The need for fertilizer depends on your potting mix. If it has nutrients added (stated on the bag), you probalby do not need to add any, but if it does not then I would use a balanced water soluble fertilizer at 1/4-1/2 recommended strength one time. Balanced meaning NPK numbers are all about the same (like 10-10-10, 10-7-14 etc), water soluble meaning the colored crystal stuff or liquid organic stuff, not granular soil fertilizer. If you have fertilizer for house plants, African violets etc, check the NPK numbers and use that if the numbers are appropriate (not like 30-10-10 or 10-40-10). Miracle Grow etc tomato formula will work fine. If the seedlings need fertilizer you will notice because growth rate stalls or stabilizes when it should be increasing.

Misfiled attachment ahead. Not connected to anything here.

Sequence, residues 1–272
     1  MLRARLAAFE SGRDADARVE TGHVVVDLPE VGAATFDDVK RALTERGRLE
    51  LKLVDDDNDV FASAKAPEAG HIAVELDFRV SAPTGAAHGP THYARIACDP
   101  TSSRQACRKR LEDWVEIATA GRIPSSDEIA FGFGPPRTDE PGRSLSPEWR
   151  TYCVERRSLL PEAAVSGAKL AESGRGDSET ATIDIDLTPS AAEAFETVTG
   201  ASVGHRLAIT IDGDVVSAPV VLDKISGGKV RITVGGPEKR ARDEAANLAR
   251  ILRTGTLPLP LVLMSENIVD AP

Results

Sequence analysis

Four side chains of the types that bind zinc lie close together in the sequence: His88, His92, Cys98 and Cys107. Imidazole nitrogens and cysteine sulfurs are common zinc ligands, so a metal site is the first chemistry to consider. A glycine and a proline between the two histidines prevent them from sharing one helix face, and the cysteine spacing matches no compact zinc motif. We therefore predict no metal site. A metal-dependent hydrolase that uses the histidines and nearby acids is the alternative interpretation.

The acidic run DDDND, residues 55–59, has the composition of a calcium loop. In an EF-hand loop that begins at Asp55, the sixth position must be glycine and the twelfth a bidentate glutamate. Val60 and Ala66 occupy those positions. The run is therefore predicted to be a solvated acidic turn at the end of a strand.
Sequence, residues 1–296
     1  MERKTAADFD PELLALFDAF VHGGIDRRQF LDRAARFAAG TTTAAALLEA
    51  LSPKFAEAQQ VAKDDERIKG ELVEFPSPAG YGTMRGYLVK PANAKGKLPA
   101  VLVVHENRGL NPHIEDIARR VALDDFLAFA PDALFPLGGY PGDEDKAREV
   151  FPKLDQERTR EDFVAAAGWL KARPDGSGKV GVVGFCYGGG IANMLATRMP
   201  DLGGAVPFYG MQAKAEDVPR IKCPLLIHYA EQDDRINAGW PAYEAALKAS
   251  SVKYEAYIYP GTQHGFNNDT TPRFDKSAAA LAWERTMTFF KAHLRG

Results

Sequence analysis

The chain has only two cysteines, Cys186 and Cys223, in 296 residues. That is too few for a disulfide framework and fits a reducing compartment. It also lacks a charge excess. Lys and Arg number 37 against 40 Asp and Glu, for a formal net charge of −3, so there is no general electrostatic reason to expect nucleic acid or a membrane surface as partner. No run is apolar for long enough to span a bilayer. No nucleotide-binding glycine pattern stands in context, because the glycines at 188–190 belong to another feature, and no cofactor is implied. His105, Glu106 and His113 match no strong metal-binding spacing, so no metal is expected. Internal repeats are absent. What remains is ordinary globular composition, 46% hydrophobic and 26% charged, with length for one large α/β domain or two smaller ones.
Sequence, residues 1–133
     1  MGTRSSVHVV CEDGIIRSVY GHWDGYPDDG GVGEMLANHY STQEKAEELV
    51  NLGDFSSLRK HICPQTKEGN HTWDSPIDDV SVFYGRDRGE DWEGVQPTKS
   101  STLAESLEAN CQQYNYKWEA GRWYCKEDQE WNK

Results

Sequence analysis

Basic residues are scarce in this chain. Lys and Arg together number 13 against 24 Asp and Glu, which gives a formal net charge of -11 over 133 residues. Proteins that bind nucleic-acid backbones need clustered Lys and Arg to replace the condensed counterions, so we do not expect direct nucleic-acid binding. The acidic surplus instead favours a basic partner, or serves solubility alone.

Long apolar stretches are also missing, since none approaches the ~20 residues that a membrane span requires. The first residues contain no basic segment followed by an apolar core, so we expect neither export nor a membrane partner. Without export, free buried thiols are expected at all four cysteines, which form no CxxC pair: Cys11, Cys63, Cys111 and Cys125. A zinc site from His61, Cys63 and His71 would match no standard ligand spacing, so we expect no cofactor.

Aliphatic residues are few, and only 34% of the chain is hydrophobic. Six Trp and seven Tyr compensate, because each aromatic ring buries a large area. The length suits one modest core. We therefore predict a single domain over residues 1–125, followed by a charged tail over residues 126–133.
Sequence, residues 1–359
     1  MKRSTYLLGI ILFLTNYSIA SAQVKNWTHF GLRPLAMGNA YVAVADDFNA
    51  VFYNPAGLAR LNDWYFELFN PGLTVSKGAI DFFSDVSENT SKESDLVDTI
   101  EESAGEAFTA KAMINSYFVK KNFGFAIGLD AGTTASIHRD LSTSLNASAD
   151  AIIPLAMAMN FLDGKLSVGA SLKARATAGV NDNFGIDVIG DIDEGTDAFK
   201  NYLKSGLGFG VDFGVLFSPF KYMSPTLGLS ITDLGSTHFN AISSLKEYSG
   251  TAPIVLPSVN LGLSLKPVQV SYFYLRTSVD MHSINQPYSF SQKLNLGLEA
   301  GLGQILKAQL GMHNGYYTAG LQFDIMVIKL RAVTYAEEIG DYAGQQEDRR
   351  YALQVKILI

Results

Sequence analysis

I don't use peat pots for a few of reasons.
1) cost, I plant 2-3 times as many seedlings as I use so some never get planted and end up in the compost pile. So I use- re-use cheap 4" plastic nursery pots (7cents), plastic drink cups, paper cups, 16 or 32 oz deli containers etc.
2) root freedom. I want the roots to be unpotted, somewhat loose and in contact with the new soil when I transplant. I don't want them to have to grow through or around a layer of peat paper. If the garden soil is not damp and in close contact with the surface of the peat paper you can get dry spots and "bubbles" where the roots can't transition through.
3) water loss. peat pots wick water out of the potting soil so you have to water seedlings more and pay closer attention to them while they are under lights, and after transplant to the garden if the rim of the peat pot is above the soil line it will wick water away from the root ball.